EENS 211

Earth Materials

Tulane University

Prof. Stephen A. Nelson

Silicate Structures



Silicate Structures and Structural Formula


As we discussed in a previous lecture, the relative abundance of elements in the Earth's crust determines what minerals will form and what minerals will be common.  Because Oxygen and Silicon are the most abundant elements, the silicate minerals are the most common.  Thus, we will spend some time here discussing the structure, chemistry, and occurrence of silicate minerals.  Our systematic discussion of the common rock forming minerals will follow in the lectures throughout the remainder of the course.
Element Wt% Atomic% Volume%
O 46.60 62.55 ~94
Si 27.72 21.22   ~6
Al   8.13   6.47  
Fe   5.00   1.92  
Ca   3.63   1.94  
Na   2.83   2.34  
K   2.59   1.42  
Mg   2.09   1.84  
Total 98.59 100.00 100



In order to discuss the silicates and their structures it is first necessary to remember that the way atoms are packed together or coordinated by larger anions, like oxygen depends on the radius ratio of the cation to the anion, Rx/Rz.  
Rx/Rz C.N. Type
1.0 12 Hexagonal or Cubic
Closest Packing
1.0 - 0.732 8 Cubic
0.732 - 0.414 6 Octahedral
0.414 - 0.225 4 Tetrahedral
0.225 - 0.155 3 Triangular
<0.155 2 Linear


Since oxygen is the most abundant element in the crust, oxygen will be the major anion that coordinates the other other cations. Thus, for the major ions that occur in the crust, we can make the following table showing the coordination and coordination polyhedra that are expected for each of the common cations.


Ion C.N. 
(with Oxygen)
Coord. Polyhedron Ionic Radius, 
K+ 8 - 12 cubic to closest 1.51 (8) - 1.64 (12)
Na+ 8 - 6 cubic to octahedral 1.18 (8) - 1.02 (6)
Ca+2 8 - 6 1.12 (8) - 1.00 (6)
Mn+2 6 Octahedral 0.83 
Fe+2 6 0.78 
Mg+2 6 0.72 
Fe+3 6 0.65
Ti+4 6 0.61
Al+3 6 0.54
Al+3 4 Tetrahedral 0.39
Si+4 4 0.26
C+4 3 Triangular 0.08
The radius ratio of Si+4 to O-2 requires that Si+4 be coordinated by 4 O-2 ions in tetrahedral coordination.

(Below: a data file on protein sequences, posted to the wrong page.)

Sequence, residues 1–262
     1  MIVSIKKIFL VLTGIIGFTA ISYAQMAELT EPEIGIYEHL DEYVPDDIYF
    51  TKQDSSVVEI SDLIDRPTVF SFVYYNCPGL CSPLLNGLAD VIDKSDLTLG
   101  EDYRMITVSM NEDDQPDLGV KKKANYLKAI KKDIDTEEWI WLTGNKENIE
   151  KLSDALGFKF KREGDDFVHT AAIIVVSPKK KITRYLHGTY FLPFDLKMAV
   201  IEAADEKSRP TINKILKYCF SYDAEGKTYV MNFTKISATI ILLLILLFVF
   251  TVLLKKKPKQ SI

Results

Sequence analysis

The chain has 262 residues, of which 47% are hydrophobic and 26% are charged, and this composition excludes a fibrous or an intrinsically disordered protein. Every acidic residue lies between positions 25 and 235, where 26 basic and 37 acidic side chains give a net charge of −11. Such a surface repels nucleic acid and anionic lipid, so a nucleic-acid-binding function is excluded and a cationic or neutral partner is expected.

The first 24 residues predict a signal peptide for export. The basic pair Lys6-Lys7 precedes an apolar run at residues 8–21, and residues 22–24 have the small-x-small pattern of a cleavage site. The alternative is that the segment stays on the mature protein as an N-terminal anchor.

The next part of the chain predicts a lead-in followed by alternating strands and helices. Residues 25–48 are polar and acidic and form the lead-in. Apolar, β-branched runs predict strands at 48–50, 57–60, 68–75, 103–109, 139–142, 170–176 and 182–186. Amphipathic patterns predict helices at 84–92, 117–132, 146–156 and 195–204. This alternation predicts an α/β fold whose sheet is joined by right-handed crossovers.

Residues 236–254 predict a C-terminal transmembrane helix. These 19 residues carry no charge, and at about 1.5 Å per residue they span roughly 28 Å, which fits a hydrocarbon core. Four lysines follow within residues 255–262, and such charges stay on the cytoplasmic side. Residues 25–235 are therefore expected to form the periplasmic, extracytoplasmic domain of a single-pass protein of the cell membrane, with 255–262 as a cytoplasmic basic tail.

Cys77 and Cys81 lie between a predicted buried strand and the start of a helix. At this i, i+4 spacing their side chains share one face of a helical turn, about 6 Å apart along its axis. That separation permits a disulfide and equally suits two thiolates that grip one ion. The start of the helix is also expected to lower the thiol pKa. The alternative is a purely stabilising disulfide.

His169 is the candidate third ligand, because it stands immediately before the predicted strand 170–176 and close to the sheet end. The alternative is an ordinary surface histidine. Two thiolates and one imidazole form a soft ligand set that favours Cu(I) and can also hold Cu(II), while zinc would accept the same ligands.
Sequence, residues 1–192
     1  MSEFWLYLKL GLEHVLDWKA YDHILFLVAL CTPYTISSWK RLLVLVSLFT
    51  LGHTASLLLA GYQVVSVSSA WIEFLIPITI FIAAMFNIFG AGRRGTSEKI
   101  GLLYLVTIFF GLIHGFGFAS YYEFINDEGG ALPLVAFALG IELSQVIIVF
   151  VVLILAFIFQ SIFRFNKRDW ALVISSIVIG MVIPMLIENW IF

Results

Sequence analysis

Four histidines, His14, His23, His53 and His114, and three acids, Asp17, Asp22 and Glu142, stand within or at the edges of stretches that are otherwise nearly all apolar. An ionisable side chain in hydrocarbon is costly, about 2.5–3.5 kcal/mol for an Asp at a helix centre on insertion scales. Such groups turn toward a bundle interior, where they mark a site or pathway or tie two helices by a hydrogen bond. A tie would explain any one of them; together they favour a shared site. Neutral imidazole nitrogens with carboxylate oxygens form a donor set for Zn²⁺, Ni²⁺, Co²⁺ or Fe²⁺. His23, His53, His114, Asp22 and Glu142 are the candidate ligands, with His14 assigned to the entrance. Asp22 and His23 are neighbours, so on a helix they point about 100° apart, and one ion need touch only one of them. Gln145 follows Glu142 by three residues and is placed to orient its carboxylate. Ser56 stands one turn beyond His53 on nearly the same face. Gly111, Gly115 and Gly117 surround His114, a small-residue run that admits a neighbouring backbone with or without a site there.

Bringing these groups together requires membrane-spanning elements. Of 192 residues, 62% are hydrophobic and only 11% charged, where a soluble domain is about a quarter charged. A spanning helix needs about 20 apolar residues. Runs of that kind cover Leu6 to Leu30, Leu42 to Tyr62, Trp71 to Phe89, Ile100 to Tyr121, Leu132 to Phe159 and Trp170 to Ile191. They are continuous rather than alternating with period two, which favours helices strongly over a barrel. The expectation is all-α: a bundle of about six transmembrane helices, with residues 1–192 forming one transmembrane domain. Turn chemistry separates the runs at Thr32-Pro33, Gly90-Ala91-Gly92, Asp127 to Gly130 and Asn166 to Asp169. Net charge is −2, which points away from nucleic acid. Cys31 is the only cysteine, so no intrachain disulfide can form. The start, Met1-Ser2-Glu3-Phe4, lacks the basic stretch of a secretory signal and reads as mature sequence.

In order to neutralize the +4 charge on the Si cation, one negative charge from each of the Oxygen ions will reach the Si cation. Thus, each Oxygen will be left with a net charge of -1, resulting in a SiO4-4 tetrahedral group that can be bonded to other cations.  It is this SiO4-4 tetrahedron that forms the basis of the silicate minerals.


Since Si+4 is a highly charged cation, Pauling's rules state that it should be separated a far as possible from other Si+4 ions.  Thus, when these SiO4-4 tetrahedrons are linked together, only corner oxygens will be shared with other SiO4-4 groups.  Several possibilities exist and give rise to the different silicate groups.


Nesosilicates  (Island Silicates)

If the corner oxygens are not shared with other SiO4-4 tetrahedrons, each tetrahedron will be isolated. Thus, this group is often referred to as the island silicate group.  The basic structural unit is then SiO4-4.  In this group the oxygens are shared with octahedral groups that contain other cations like Mg+2, Fe+2, or Ca+2.  Olivine is a good example: (Mg,Fe)2SiO4.



Sorosilicates  (Double Island Silicates)

If one of the corner oxygens is shared with another tetrahedron, this gives rise to the sorosilicate group.  It is often referred to as the double island group because there are two linked tetrahedrons isolated from all other tetrahedrons.  In this case, the basic structural unit is Si2O7-6.  A good example of a sorosilicate is the mineral hemimorphite - Zn4Si2O7(OH).H2O.  Some sorosilicates are a combination of single and double islands, like in epidote - Ca2(Fe+3,Al)Al2(SiO4)(Si2O7)(OH).


Cyclosilicates (Ring Silicates)

If two of the oxygens are shared and the structure is arranged in a ring, such as that shown here, we get the basic structural unit of the cyclosilcates or ring silicates.  Shown here is a six membered ring forming the structural group Si6O18-12.  Three membered rings, Si3O9-6, four membered rings, Si4O12-8, and five membered rings Si5O15-10 are also possible.  A good example of a cyclosilicate is the mineral Beryl - Be3Al2Si6O18.